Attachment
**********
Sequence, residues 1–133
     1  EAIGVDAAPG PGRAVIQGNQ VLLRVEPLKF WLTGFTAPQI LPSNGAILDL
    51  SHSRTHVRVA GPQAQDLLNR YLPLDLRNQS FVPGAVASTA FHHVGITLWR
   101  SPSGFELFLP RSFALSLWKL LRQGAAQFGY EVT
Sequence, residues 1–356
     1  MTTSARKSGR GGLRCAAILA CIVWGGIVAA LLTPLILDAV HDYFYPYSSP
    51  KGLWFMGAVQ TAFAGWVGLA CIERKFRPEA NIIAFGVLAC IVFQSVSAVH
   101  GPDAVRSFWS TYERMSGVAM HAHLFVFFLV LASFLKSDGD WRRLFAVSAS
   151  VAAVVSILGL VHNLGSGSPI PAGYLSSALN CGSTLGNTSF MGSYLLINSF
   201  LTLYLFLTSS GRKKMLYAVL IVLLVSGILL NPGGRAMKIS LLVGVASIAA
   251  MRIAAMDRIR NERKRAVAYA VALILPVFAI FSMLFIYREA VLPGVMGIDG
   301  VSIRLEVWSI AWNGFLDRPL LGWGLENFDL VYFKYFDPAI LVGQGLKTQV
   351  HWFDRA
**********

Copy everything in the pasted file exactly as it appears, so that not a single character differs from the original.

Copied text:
Sequence, residues 1–133
     1  EAIGVDAAPG PGRAVIQGNQ VLLRVEPLKF WLTGFTAPQI LPSNGAILDL
    51  SHSRTHVRVA GPQAQDLLNR YLPLDLRNQS FVPGAVASTA FHHVGITLWR
   101  SPSGFELFLP RSFALSLWKL LRQGAAQFGY EVT
Sequence, residues 1–356
     1  MTTSARKSGR GGLRCAAILA CIVWGGIVAA LLTPLILDAV HDYFYPYSSP
    51  KGLWFMGAVQ TAFAGWVGLA CIERKFRPEA NIIAFGVLAC IVFQSVSAVH
   101  GPDAVRSFWS TYERMSGVAM HAHLFVFFLV LASFLKSDGD WRRLFAVSAS
   151  VAAVVSILGL VHNLGSGSPI PAGYLSSALN CGSTLGNTSF MGSYLLINSF
   201  LTLYLFLTSS GRKKMLYAVL IVLLVSGILL NPGGRAMKIS LLVGVASIAA
   251  MRIAAMDRIR NERKRAVAYA VALILPVFAI FSMLFIYREA VLPGVMGIDG
   301  VSIRLEVWSI AWNGFLDRPL LGWGLENFDL VYFKYFDPAI LVGQGLKTQV
   351  HWFDRA